The story of the Good Samaritan in Luke 10:30-37 is one of the most beloved stories in the Bible. The characters are familiar: the traveler, the robbers, the priest, the Levite – and finally, our hero – the Samaritan. We know the plot, too – man robbed; man ignored by priest and Levite; man helped by Samaritan. But that’s the “Who” of the story. What can we learn from the Samaritan’s actual response?
Four things to think about:
- The Samaritan’s response was action-oriented. The contrast between the Samaritan and the others who passed by is very clear: all three had the opportunity to take action, but only the Samaritan did so.
- It was immediate. He didn’t go home first to get supplies and come back; he served the injured man with what he had with him – right there, right then.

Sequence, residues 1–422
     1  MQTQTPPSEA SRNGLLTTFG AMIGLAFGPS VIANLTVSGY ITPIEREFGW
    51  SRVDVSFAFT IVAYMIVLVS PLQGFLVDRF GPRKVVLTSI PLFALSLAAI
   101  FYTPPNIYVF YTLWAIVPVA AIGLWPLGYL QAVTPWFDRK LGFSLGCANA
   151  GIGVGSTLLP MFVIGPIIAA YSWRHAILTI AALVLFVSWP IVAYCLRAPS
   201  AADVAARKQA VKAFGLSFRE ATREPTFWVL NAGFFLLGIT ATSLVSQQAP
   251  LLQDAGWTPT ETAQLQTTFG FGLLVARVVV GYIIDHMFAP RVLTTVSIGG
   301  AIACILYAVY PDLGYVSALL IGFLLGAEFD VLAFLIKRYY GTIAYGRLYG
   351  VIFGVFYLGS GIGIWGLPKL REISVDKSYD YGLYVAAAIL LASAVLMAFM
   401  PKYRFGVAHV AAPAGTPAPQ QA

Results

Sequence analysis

- It was a long-term commitment. The Samaritan knew that his initial action, while necessary, wasn’t enough. Once he had taken care of the man’s immediate needs, the Samaritan arranged for ongoing care.
- And it was complete. He promised to return – his role in the story wasn’t over with the initial treatment, or even the long-term care plan.
So what does “Go and Do Likewise” look like in today’s world?
- Do it! Volunteer at the Clothes Closet and Food Pantry. Read to a child. Send a card. Be a friend to someone who needs one. Pray.
- Do it now! Don’t wait until it gets warmer, colder, school starts, school ends, things settle down. Don’t let excuses get in the way of taking action.
- Do it for the long term! The need you see may be the tip of the iceberg. Be open to where the Spirit may lead you.
- Do it completely! Recognize that you’re now a part of a different story – one that will bless you as much as it blesses others.
Go and do likewise.
In Christ’s love – jmw